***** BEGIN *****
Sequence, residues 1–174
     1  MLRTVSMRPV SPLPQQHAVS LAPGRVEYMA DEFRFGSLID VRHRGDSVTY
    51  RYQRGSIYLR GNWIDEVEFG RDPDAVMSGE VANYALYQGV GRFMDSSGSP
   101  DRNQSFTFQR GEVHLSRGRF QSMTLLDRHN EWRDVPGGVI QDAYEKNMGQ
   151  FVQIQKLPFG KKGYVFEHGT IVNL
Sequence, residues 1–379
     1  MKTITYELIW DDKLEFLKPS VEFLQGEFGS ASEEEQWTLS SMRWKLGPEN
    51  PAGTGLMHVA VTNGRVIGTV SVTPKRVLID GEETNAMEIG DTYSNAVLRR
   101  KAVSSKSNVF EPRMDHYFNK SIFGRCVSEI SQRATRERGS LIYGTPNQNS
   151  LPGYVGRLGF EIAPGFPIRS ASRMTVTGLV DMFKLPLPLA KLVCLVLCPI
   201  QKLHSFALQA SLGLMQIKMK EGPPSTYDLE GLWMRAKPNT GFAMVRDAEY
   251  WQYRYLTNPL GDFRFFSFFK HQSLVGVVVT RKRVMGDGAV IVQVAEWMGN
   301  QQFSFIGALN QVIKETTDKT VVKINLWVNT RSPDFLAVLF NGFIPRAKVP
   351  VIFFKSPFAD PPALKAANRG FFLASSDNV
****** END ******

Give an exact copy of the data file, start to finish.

Sequence, residues 1–174
     1  MLRTVSMRPV SPLPQQHAVS LAPGRVEYMA DEFRFGSLID VRHRGDSVTY
    51  RYQRGSIYLR GNWIDEVEFG RDPDAVMSGE VANYALYQGV GRFMDSSGSP
   101  DRNQSFTFQR GEVHLSRGRF QSMTLLDRHN EWRDVPGGVI QDAYEKNMGQ
   151  FVQIQKLPFG KKGYVFEHGT IVNL
Sequence, residues 1–379
     1  MKTITYELIW DDKLEFLKPS VEFLQGEFGS ASEEEQWTLS SMRWKLGPEN
    51  PAGTGLMHVA VTNGRVIGTV SVTPKRVLID GEETNAMEIG DTYSNAVLRR
   101  KAVSSKSNVF EPRMDHYFNK SIFGRCVSEI SQRATRERGS LIYGTPNQNS
   151  LPGYVGRLGF EIAPGFPIRS ASRMTVTGLV DMFKLPLPLA KLVCLVLCPI
   201  QKLHSFALQA SLGLMQIKMK EGPPSTYDLE GLWMRAKPNT GFAMVRDAEY
   251  WQYRYLTNPL GDFRFFSFFK HQSLVGVVVT RKRVMGDGAV IVQVAEWMGN
   301  QQFSFIGALN QVIKETTDKT VVKINLWVNT RSPDFLAVLF NGFIPRAKVP
   351  VIFFKSPFAD PPALKAANRG FFLASSDNV